The Pulitzer Prize Board has announced that Nikole Hannah-Jones of The New York Times, founder and creator of the 1619 Project, won a Pulitzer Prize in the Commentary Category. The 1619 Project has been widely criticized for false claims, inaccurate history and historical revisionism.

The Pulitzer Board described Jannah-Jones’ award this way: “For a sweeping, deeply reported and personal essay for the ground-breaking 1619 Project, which seeks to place the enslavement of Africans at the center of America’s story, prompting public conversation about the nation’s founding and evolution.”

The Daily Citizen has previously reported on how Hannah-Jones has admitted that some of the original claims of the 1619 Project, like the claim that slavery was the cause of the Revolutionary War, were factually incorrect.

Pulitzer prizes are administered annually by Columbia University. The winners in 20 of 21 categories receive a $15,000 prize, except for the winner in the public service category who receives a gold medal.

The Pulitzer Prize was established by newspaper publisher Joseph Pulitzer, who gave his money in a will to Columbia University upon his death. With his money, Columbia created a journalism school, and used $250,000 to establish The Pulitzer Prize in 1922.

One piece of art, a beautiful stained-glass window which resides at Columbia, was commissioned by Joseph Pulitzer to commemorate his successful effort at raising $100,000 to complete the pedestal of the Statue of Liberty. The window is titled “Liberty Enlightening the World.”

Journalists, who should aspire to enlighten and inform the world, through truth and objectivity, too often fall short. One journalist who fell far short of that ideal was named Walter Duranty, who served as Moscow Bureau Chief for The New York Times for 14 years between 1922 and 1936. In 1932, The Pulitzer Prize Board handed Duranty one of their coveted prizes for his work, the Pulitzer Prize for Correspondence.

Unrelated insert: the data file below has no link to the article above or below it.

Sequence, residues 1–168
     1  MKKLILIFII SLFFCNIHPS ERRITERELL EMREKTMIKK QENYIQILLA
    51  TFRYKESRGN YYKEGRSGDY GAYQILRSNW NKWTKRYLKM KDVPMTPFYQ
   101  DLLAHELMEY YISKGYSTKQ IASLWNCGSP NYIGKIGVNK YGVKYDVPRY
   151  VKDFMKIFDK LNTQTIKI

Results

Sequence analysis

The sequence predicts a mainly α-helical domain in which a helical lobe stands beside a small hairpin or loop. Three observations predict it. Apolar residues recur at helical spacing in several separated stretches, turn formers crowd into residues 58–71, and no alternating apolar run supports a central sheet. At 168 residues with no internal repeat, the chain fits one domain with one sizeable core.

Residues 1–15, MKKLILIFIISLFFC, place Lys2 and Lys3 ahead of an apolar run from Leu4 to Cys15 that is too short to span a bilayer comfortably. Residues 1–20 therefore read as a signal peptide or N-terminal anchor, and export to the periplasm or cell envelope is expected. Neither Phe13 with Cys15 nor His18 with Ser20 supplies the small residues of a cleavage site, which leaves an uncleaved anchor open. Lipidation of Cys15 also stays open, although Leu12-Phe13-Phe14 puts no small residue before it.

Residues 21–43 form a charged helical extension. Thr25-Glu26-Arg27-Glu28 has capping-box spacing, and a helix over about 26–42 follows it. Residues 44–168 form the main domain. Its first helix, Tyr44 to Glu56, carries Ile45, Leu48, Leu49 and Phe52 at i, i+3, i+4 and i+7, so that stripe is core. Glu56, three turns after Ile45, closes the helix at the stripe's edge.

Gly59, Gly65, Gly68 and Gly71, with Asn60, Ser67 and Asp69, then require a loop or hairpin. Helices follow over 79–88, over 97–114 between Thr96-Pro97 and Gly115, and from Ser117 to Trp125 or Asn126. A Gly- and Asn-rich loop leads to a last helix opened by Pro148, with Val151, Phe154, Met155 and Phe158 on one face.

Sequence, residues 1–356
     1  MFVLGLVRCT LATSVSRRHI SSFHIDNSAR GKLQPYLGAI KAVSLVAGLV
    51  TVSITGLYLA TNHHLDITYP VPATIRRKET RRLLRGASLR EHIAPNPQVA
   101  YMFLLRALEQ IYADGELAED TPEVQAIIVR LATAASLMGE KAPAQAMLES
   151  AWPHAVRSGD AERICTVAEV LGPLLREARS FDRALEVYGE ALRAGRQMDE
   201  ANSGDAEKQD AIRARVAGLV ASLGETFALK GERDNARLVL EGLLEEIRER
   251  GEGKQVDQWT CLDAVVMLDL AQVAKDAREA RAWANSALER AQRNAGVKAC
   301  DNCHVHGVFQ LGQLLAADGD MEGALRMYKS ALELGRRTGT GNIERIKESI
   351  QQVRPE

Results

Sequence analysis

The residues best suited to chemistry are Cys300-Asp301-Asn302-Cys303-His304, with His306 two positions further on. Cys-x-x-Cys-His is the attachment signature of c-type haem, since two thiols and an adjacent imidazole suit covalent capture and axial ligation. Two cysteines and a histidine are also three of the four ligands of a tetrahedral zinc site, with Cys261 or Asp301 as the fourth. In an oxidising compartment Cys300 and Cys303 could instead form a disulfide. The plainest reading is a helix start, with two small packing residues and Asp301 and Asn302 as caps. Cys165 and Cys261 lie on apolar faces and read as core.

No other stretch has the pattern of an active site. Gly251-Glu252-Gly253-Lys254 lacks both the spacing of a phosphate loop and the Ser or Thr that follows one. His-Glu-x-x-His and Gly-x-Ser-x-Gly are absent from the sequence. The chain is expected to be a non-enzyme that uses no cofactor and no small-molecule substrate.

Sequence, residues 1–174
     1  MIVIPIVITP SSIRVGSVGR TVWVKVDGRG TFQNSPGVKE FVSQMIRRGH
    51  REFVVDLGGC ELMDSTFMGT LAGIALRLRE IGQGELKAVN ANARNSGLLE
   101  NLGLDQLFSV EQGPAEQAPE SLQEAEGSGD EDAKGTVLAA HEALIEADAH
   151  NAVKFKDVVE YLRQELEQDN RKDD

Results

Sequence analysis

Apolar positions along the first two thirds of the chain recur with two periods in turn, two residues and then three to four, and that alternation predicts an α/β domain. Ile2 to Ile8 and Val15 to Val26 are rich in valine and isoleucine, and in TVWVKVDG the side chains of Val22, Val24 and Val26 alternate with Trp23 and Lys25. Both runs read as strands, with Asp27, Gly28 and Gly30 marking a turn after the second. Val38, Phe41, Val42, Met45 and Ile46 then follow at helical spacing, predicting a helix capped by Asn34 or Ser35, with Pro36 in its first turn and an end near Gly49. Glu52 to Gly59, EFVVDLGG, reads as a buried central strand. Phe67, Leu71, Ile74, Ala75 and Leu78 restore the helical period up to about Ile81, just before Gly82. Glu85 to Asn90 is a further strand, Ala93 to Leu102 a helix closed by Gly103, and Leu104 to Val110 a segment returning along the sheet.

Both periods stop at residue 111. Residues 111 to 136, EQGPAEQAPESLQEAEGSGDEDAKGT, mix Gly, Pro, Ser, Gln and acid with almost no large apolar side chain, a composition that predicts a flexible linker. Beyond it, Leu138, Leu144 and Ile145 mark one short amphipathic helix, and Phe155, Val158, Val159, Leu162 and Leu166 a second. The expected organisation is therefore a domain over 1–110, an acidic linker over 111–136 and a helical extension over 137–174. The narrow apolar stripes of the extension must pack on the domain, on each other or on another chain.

During Duranty’s 14 years serving as The Times’ man in Moscow, some of that work consisted of covering up one of the greatest mass genocides in world history: The Holodomor.

Created by combing the Ukrainian words for hunger—holod—and extermination—mor, the Holodomor was a man-made famine in the Ukraine that killed 3.9 million people, according to most estimates. Soviet leader Joseph Stalin and his policies to try and crush Ukrainian nationalism were responsible for this mass starvation of the Ukrainian people.

And Moscow Bureau Chief Walter Duranty was at the center of covering it up.

Bruce Bartlett, an American historian and author, wrote for Human Events, “In late 1932, Stalin decreed that all grain should be confiscated and anyone interfering with this action should be considered an enemy of the state. More than 5,000 people received the death penalty as a result. Throughout the countryside in Ukraine, starvation set in. Stalin sent troops to prevent farmers from leaving the land, where increasingly there was nothing to eat.”

During the famine, Duranty often downplayed its severity in his reporting in The New York Times. “There is no famine or actual starvation nor is there likely to be,” Duranty wrote for The Times in November 1931.”

“Any report of a famine in Russia is today an exaggeration or malignant propaganda,” Duranty again wrote in The Times in August 1933, near the end of the famine.

“There is no actual starvation or deaths from starvation but there is widespread mortality from diseases due to malnutrition,” Duranty wrote, again for The Times, in March 1933.

But while Duranty was playing down the famine in the pages of The Times, privately he confessed that the famine was leading to the starvation of millions.

“On September 26, 1933, at the British Embassy in Moscow, Duranty privately confided that as many as 10 million people had died directly or indirectly of famine conditions in the USSR during the past year. Meanwhile, publicly, Duranty orchestrated a vicious ostracizing of those journalists who risked much by reporting on the catastrophe,” wrote Lubomyr Luciuk, a Canadian professor in The Montreal Gazette in 2003.

Note that this confession from Duranty is just one month after he wrote for The Times that reports of famine was an “exaggeration” and “propaganda” as cited above.

To date, The Pulitzer Prize Board has refused to revoke Duranty’s 1932 Pulitzer Prize, despite concluding after a six-month review that “Mr. Duranty’s 1931 work, measured by today’s standards for foreign reporting, falls seriously short.”

Many of the elites in our society view a Pulitzer Prize as one of the most desired awards in journalism. But that’s hard to reconcile with the Pulitzer Board rewarding one of the worst journalists of the 20th century with their prizes.

The Pulitzer Prize isn’t all that it’s made out to be.


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